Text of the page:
“The aim of my research has been to analyse the intersections between ancient and modern/contemporary Italian culture in a comparative and interdisciplinary perspective,” he says. “This has affirmed the centrality of the literary text as a wealth of echoes.”
He joined UCT in 2010 as an associate professor of Italian Literature and Head of the School of Languages & Literatures’ Italian Section. In the wake of receiving his NRF A-rating, Tuccini has been promoted to full professor.
“The aim of my research has been to analyse the intersections between ancient and modern/contemporary Italian culture in a comparative and interdisciplinary perspective.”
Over the course of his career, Tuccini has been invited to participate in more than 40 academic seminars and international conferences at a variety of institutions worldwide, often as a keynote speaker. He has also been appointed as visiting professor at University Sapienza of Rome for starting a research project on early-modern poet Girolamo Benivieni, as well as visiting fellow in the Department of Literary Theory at Campinas State University in Brazil, where he delivered a research module on Pier Paolo Pasolini’s Accattone. His scholarly production has resulted in about 70 publications, including seven monographs.
Tuccini firmly believes that the less tangible heritage of the Humanities is equally important to global progress as STEM research.
“The greater visibility of my work, and consequent financial support will hopefully generate further interest in Literary Studies research, which, compared to the sciences has sadly been neglected,” he says.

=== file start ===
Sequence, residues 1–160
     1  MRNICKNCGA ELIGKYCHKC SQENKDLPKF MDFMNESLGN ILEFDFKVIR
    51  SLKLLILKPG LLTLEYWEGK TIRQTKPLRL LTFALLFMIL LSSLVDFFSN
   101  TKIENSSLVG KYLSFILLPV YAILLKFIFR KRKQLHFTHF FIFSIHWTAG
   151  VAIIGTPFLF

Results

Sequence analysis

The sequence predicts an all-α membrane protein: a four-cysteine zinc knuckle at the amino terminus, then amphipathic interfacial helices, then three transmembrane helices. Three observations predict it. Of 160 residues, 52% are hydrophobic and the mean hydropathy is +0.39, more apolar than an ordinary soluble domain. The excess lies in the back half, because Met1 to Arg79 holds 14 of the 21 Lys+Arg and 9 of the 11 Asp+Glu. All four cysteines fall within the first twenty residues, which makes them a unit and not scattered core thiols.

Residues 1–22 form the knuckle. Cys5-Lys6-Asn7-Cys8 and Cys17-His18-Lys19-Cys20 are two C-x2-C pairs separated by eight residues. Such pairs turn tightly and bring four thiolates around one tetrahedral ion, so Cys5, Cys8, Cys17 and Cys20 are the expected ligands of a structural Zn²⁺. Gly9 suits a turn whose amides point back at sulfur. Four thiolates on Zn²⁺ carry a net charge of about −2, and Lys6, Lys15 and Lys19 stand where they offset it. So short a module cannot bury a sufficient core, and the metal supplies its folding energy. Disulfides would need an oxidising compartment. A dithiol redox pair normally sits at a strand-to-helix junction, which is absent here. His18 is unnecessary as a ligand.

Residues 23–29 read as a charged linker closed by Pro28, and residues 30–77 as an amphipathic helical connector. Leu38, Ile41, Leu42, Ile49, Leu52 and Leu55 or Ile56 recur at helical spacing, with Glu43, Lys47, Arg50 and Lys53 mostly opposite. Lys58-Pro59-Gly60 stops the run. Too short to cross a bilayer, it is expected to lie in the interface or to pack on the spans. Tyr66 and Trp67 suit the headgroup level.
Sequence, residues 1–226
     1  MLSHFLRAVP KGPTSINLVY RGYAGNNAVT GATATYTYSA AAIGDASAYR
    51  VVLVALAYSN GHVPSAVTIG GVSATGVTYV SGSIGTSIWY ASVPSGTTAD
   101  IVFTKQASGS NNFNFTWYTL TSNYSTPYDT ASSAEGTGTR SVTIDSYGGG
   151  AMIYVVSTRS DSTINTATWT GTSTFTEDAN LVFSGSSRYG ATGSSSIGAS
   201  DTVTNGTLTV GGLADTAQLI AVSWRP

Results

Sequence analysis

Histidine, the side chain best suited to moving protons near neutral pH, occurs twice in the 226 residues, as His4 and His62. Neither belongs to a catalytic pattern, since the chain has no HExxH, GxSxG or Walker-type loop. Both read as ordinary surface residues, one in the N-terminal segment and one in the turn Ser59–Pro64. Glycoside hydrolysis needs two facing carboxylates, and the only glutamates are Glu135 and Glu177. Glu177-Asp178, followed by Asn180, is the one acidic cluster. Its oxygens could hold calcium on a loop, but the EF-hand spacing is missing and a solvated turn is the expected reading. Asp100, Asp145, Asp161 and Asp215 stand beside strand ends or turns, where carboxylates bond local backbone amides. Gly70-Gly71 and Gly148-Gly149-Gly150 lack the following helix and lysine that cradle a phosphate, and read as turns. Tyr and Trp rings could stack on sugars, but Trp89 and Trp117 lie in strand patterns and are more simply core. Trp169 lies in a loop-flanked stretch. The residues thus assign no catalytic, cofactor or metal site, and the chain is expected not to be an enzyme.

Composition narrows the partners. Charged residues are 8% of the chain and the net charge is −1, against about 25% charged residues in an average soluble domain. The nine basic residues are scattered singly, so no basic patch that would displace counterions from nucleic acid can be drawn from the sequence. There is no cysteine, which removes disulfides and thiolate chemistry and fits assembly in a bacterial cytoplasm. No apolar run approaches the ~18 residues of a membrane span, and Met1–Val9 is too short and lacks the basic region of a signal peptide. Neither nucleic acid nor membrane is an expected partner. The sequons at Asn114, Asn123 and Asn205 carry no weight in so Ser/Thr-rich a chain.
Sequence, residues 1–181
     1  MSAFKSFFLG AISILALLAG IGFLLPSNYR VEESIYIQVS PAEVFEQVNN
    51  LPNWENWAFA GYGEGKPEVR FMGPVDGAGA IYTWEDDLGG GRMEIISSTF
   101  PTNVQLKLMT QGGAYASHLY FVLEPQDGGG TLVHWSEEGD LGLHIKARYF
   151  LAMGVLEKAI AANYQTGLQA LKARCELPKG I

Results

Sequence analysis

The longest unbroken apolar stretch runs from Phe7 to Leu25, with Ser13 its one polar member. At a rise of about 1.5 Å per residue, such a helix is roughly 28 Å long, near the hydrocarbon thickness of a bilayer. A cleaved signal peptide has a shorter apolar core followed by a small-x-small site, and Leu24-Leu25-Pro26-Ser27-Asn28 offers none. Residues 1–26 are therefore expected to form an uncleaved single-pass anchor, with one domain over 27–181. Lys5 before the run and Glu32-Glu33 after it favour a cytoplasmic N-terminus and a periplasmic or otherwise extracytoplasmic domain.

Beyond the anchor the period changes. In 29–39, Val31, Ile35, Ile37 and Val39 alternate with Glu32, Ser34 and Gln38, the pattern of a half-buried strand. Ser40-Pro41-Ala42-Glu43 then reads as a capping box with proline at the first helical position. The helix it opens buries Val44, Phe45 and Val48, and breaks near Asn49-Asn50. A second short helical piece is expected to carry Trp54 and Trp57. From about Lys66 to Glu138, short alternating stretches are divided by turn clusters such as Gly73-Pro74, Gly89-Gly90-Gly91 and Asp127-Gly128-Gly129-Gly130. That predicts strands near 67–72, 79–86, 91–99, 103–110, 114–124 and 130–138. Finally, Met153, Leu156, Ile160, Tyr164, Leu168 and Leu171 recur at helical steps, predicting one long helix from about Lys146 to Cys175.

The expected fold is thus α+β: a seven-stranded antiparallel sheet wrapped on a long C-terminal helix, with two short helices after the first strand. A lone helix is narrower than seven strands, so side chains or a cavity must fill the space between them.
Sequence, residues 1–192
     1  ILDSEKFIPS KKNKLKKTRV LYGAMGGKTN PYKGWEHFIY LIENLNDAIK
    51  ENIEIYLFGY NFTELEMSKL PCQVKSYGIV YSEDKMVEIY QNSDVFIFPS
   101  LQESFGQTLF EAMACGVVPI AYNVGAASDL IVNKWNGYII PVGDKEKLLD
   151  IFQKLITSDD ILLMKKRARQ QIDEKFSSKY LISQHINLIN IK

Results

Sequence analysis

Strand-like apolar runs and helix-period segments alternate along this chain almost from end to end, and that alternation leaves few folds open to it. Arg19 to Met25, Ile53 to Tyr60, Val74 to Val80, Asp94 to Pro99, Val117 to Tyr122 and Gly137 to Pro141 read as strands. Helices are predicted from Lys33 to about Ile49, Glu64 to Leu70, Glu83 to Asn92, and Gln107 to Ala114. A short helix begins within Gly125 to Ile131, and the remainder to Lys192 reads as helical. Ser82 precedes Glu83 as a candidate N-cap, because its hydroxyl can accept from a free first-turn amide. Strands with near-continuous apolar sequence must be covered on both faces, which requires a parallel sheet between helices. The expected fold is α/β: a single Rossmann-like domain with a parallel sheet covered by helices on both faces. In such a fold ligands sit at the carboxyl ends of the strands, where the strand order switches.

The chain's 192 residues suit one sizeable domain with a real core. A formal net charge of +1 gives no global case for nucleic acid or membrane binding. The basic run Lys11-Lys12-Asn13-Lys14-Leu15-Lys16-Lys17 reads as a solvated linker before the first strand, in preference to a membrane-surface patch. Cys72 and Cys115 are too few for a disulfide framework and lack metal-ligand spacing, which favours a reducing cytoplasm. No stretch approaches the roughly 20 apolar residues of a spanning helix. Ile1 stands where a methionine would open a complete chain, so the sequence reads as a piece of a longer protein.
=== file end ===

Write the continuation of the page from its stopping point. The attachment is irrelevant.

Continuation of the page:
Tuccini’s strong research and leadership skills have seen him filling a number of important advisory roles, including – among many others - serving as co-Editor of the book series “Novecento Inquieto” (Aracne Publishing House), as Panelist and Research Specialist for the scientific evaluation of Italian research of the Italian Ministry of Universities and Research (MIUR), as an International Observer for the European Cooperation in Science and Technology (COST) Action People in Motion: Entangled Histories of Displacement across the Mediterranean (1492- 1923) and working as an Italian dialogue coach for National Geographic’s documentary Galileo’s Telescope.
Tuccini believes that the NRF A-rating will greatly support his future projects in Italian Studies and enable him to build new bridges between specialists in South Africa and abroad.
Continued A-rating for four UCT researchers
In addition to Claeys’ and Tuccini’s new A-ratings, UCT also celebrates the previous A-rated researchers whose rating has been confirmed for another five years.
Tribute to Jean Cleymans
Amid celebrations, the UCT community has also found itself mourning the loss of one of its NRF A-rating stalwarts.
Emeritus Professor Jean Cleymans’ untimely death was caused by an accident at his home in Turnhout, Belgium, on 22 February 2021 and came as a great shock to his colleagues in the Department of Physics.
“Jean will be remembered as a great teacher and supervisor of postgraduate students, and an outstanding theoretical physicist, recognised internationally for his work in statistical models of the early universe,” says head of department, Professor Andy Buffler.
“Jean will be remembered as a great teacher and supervisor of postgraduate students, and an outstanding theoretical physicist.”
Among other things, Cleymans was responsible for the establishment of the SA-CERN programme. He was also a long-time member of the ALICE collaboration at CERN.
His NRF A-rating, which had just been renewed, was first awarded in 1986.
“UCT Physics will celebrate his life more appropriately later, but as our highest priority we send our deepest condolences to his wife Ria and children Sylvie, Silke and Rene,” says Buffler.